This has been a confusing year for Texas’s overweight majority. First, the Centers for Disease Control and Prevention (CDC) announced that fatness had become such an epidemic that it would soon be a larger public health hazard than smoking— alarming news for a state whose major cities routinely rank as some of the fattest in America. Then a group of scientists reported that being “pleasingly plump” might actually ensure a longer life than being thin. But the CDC—them again—then claimed that the mortality rates in that study were unfairly skewed because a lot of the skinny people included were skinny because they were sick. What gives? Can you really be fat and live happily ever after? According to Steven Blair, the president and CEO of the Cooper Institute, a leading fitness research center in Dallas, the answer is a counterintuitive yes.
Size Doesn’t Always Matter.
A long life, says Blair, does not necessarily depend on your body mass index (BMI), that abstruse reduction of your height, weight, and sex into a single number used as a measure of your relative size. Blair should know. “Look,” he told me. “I’m about five foot five, a hundred and ninety-five pounds. Fat, right? But then, I run twenty-five miles a week. I’m in great shape. According to my BMI, I’m obese, and yet other numbers, like my blood pressure and my cholesterol, are low. That means I’m healthier than a lot of skinny people who don’t exercise.” What really counts, then, is not weight but overall health, and Blair points to Cooper Institute patients as evidence: Up to 40 percent of the men and women whose BMIs qualify them as “obese” have normal blood pressure and cholesterol numbers and perform to a moderate or high “fit” level on stress tests. A long-term study has shown that the death rate of thin but unfit people is twice that of these folks’. While being obese can certainly affect your quality of life, being in shape, concludes Blair, appears “to protect against early mortality no matter how much you weigh.”
So Get off Your Fat Duff.
For all the diet books, testimonials on Oprah, and general hand-wringing over obesity, there’s been relatively little said about exercise as a means of extending life. Regular workouts usually take off pounds, of course, but even if they don’t, they improve your heart health, strengthen your bones, help you sleep better, and boost your mood. As for what “exercise” means, exactly? Well, no free lunch here: You’ll need to get out and move at least thirty minutes five days a week, at a vigorous pace (using a heart-rate monitor, make sure you’re going fast enough to get your heart pumping at 60 to 80 percent of its maximum rate, which is calculated by subtracting your age from 220). Some obese people may need sixty or even ninety minutes a day to remain fit. “If you can walk briskly for thirty to forty minutes without feeling extremely breathless and fatigued, you probably have a reasonable level of fitness,” says Blair.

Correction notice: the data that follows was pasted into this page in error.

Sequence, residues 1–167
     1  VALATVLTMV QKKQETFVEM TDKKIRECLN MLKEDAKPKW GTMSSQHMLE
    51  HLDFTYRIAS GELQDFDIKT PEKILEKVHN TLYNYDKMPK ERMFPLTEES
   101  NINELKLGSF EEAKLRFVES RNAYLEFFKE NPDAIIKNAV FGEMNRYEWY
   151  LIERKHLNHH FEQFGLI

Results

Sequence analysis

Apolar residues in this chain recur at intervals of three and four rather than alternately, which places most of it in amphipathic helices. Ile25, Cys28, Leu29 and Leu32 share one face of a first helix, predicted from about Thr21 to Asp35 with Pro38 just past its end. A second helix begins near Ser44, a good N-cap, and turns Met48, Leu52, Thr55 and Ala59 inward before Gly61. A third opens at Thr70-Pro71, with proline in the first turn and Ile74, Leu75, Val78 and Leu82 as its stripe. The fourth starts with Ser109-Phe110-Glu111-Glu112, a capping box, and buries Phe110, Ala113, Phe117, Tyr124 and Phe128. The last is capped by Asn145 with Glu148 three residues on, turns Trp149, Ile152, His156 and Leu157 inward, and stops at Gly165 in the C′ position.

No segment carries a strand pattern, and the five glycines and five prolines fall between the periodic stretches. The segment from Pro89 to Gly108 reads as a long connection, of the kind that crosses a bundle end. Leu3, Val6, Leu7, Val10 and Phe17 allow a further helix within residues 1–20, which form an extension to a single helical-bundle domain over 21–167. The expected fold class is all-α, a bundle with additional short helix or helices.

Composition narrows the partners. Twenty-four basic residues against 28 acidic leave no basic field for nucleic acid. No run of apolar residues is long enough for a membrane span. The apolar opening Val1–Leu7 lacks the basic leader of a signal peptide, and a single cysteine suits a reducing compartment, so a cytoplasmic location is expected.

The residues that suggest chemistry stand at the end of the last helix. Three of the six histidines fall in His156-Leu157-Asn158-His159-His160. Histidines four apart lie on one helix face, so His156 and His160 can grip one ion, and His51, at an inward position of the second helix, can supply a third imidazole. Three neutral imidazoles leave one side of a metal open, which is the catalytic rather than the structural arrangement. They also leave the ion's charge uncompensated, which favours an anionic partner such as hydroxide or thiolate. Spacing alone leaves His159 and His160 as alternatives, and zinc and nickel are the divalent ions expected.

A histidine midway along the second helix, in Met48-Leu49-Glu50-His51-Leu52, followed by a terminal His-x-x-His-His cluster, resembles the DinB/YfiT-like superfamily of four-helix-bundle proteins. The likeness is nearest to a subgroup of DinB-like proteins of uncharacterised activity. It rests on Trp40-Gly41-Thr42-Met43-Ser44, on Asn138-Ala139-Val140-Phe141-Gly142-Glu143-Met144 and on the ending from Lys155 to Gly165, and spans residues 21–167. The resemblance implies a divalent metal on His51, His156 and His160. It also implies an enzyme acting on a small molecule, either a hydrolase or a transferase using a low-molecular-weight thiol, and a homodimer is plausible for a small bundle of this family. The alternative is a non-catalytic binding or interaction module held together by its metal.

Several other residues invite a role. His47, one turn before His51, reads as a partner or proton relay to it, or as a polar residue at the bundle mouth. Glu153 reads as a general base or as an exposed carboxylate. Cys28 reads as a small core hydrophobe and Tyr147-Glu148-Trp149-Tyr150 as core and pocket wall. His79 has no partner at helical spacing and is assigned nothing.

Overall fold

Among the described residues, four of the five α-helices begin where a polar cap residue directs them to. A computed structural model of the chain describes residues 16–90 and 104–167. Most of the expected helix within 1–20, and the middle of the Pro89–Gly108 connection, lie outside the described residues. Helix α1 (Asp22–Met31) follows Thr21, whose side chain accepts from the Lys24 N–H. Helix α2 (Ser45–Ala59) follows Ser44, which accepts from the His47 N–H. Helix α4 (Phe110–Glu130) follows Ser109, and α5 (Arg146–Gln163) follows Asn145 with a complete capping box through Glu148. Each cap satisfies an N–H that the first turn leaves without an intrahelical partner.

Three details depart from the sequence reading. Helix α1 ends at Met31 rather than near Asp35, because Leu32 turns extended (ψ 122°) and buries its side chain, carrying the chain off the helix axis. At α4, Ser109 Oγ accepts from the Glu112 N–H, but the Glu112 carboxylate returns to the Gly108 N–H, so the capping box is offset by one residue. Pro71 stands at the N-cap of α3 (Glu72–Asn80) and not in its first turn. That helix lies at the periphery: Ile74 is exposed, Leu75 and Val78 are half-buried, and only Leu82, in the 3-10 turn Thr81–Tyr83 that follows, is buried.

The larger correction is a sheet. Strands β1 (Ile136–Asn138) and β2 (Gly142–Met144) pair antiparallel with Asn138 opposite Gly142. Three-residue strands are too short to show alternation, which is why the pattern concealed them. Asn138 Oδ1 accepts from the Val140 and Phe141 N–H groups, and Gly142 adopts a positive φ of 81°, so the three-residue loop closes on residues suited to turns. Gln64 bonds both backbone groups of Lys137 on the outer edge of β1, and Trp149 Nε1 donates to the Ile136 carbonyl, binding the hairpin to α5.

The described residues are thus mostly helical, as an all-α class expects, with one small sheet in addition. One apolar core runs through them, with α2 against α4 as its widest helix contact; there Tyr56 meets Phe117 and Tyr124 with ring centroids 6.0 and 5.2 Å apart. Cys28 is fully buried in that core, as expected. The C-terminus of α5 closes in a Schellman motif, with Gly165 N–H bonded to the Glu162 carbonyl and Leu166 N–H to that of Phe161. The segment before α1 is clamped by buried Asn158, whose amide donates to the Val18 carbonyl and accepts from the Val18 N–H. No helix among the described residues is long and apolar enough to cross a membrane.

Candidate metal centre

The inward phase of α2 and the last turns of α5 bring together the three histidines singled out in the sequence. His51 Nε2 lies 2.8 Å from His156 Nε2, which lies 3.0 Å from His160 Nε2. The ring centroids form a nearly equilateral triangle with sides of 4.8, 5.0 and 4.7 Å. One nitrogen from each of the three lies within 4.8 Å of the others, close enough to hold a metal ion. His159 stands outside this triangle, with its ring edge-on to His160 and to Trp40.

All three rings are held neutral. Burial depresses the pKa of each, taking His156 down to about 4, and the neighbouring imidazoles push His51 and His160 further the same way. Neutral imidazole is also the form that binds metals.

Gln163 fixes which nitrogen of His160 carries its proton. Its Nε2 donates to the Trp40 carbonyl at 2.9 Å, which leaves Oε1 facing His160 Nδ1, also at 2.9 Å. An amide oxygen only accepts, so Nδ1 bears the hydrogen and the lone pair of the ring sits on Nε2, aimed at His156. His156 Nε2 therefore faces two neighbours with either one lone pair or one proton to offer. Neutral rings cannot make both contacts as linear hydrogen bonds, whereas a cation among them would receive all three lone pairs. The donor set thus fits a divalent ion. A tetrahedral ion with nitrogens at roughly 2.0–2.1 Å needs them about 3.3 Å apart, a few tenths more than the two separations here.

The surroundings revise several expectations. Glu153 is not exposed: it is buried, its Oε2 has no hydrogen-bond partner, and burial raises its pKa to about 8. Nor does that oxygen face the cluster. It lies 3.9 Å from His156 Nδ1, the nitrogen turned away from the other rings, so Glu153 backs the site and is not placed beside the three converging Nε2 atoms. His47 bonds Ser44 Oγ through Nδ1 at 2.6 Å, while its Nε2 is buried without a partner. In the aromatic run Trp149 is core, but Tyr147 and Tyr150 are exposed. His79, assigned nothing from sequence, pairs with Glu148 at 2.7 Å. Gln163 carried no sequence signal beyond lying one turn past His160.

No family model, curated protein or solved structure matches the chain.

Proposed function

Vanity, Thy Name Is BMI.
So what if you look like an overstuffed armchair? It’s about being comfortable in your skin, says Blair: “Some of us will never be thin. I was short, fat, and bald when I started running, and after running nearly every day for more than thirty years, I am still short, fat, and bald.” A person’s health and longevity lie beyond BMI numbers, he adds. “People can be healthy and, according to some standards today, not look like it at all. That’s the wrong message. The key is an overall healthy lifestyle.”
Give Us This Day Our Daily Workout:
News from the fitness frontier.
Fortunately for all us office dwellers, Texas corporations are finally getting hip to the value of promoting fitness among workers. Take, for example, the new Radio Shack complex in Fort Worth. The 34-acre, seven-building campus not only has a special workout facility, but it also features a design that encourages constant leg use: The first thing employees see in the main foyer is not a bank of elevators but a glass-encased stairway, and, because different divisions are scattered among the buildings, they often walk between meetings twenty to thirty minutes a day. Says one administrative assistant: “Just since we opened last year, I’ve lost my saddlebags.” Not lucky enough to work at such a fitness-friendly campus? Contact your HR department to find out what exercise incentive programs your company does offer.